In a podcast interview recorded six days before the July 17 franchise tag deadline, New York Giants running back Saquon Barkley sounded like he knew he might have to play on the franchise tag this season — and was prepared to do just that.
Barkley told host Jake Mallers on the ‘Money Matters’ podcast, which was released on Monday, July 17 — the day of the tag deadline — that he would “do what I gotta do this year, which I plan on doing.”
Barkley knows he holds the ‘I won’t play’ card and said he would “sit down and talk to my family, talk to my team [of advisers] and strategize.”
“My leverage is I could say, ‘F–k you’ to the Giants, I could say, ‘F–k you to my teammates,’” Barkley said.
“And be like, ‘You want me to show you my worth? You want me to show you how valuable I am to the team? I won’t show up. I won’t play a down.’ And that’s a play I could use.’
“Anybody [who] knows me, knows that’s not something I want to do. Is it something that’s crossed my mind? I never thought I would ever do that, but now I’m at a point where I’m like, ‘Jesus, I might have to take it to this level.’ Am I prepared to take it to this level? I don’t know.
“That’s something I have to sit down and talk to my family, talk to my team [of advisers] and strategize about this. Can’t just go off of emotions.”
In chatting with Mallers, though, Barkley did sound like he intended to play.
“If I do go on the field and have prove my worth — again — I’m fine with that,” he said.
Barkley admitted turning down a contract offer during the 2022 bye week, saying “I’d rather bet on myself” than take what he saw as a number the Giants “thought I might jump at because of my injury history.”
Barkley knew he had no real leverage once the Giants tagged him.
“You know your value, you know your worth, but at the same time you’ve gotta be mature about it, you’ve gotta understand it’s a business, you can’t take it personal,” Barkley said. “I knew, once you get tagged my leverage is gone.”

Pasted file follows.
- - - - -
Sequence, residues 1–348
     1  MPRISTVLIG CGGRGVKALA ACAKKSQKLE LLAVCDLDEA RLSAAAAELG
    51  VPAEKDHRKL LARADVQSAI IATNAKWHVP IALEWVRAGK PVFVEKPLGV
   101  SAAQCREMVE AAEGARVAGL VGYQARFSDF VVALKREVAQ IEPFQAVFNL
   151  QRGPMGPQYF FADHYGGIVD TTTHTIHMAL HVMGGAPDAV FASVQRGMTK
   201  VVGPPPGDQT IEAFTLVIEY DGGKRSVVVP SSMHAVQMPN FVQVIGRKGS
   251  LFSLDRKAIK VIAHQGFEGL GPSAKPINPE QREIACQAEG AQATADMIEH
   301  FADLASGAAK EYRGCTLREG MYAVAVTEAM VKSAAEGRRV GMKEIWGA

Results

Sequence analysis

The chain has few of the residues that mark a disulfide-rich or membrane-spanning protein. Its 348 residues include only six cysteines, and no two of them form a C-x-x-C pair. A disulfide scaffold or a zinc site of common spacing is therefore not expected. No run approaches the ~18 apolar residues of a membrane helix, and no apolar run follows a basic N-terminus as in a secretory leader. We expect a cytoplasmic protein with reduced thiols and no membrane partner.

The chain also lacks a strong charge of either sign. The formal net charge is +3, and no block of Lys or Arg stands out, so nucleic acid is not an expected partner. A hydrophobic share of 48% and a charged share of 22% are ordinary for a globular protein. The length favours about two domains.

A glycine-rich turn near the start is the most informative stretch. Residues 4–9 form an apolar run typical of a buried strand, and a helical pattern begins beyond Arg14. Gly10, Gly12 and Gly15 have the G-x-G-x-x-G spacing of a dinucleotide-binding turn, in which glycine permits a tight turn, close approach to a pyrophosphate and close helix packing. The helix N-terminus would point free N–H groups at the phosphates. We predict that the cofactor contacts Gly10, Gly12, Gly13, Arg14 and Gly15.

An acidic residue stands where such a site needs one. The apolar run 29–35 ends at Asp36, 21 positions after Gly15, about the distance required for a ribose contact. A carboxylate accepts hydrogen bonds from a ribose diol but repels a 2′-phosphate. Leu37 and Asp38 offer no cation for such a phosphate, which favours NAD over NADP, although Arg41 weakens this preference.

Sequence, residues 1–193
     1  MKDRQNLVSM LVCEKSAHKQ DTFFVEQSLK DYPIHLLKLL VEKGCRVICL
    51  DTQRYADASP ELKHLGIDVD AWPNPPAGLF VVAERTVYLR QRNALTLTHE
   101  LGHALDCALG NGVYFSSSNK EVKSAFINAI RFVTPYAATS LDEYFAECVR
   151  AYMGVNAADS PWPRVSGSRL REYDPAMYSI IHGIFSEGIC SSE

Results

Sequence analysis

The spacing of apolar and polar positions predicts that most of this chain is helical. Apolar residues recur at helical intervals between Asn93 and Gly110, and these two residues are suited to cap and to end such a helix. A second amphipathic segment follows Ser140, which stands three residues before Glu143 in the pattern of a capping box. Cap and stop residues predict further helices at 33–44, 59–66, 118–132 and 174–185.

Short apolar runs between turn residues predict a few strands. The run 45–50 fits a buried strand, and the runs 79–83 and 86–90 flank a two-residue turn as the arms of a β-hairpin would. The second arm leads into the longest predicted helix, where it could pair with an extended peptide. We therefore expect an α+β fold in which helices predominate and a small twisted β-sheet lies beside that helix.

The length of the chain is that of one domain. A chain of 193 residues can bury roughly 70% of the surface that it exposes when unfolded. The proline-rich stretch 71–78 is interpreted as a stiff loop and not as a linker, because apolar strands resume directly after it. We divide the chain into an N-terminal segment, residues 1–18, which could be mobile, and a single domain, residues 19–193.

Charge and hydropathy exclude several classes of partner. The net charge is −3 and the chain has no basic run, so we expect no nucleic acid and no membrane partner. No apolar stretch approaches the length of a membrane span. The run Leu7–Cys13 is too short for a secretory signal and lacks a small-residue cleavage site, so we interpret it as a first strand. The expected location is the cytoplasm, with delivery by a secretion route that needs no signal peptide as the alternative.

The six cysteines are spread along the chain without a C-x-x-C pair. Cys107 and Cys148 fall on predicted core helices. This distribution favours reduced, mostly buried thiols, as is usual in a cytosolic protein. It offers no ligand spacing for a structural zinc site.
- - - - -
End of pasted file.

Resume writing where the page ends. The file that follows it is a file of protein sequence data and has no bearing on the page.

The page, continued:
Barkley admitted to Mallers that any deal with less guaranteed money than two years of the franchise tag ($22.2 million) was a non-starter. Especially since, according to Barkley, the Giants told him that without a deal tagging him again next year was on the table.
“I wouldn’t say I’m not happy,” Barkley told Mallers. “Where I’m thrown off, or it doesn’t sit right with me, is I came out publicly and said that I want to be a Giant for life. I didn’t want to hit the free-agency market. I feel like we could’ve got the job done.
“There’s nothing more I would love than to bring a Super Bowl championship to the place I was born.”
Barkley talked about wanting respect from the Giants during the negotiation process, and pointed out to Mallers that there was a time during 2022 when he was 40% of the team’s offense, and finished around 30%.
“That’s a lot of production for a team,” Barkley said.
Barkley told Mallers that “I’m not even asking for what I’m worth ... I’m not going for that.
“I can go to war, try to get as much money as I can. At the end of the day what really matters is winning — winning a championship. I know if I’m able to help bring a championship to New York that’s going to go miles ahead of this contract.”
Barkley, as he has at other times, said he does not want to be seen as greedy.
“A tag is still $10 million dollars, and I’m well aware of that,” Barkley said. “$10 million dollars is a lot of money, a lot of money.
“I don’t want to come off like I’m greedy. I don’t want to come off like I’m arrogant. At the end of the day, you’ve still got to do what’s right for you, though.”
Barkley pointed to what other backs are making and said “I believe I’m the best running back in the NFL and I’m not even asking to be the highest-paid running back.”
Listen to the full interview below.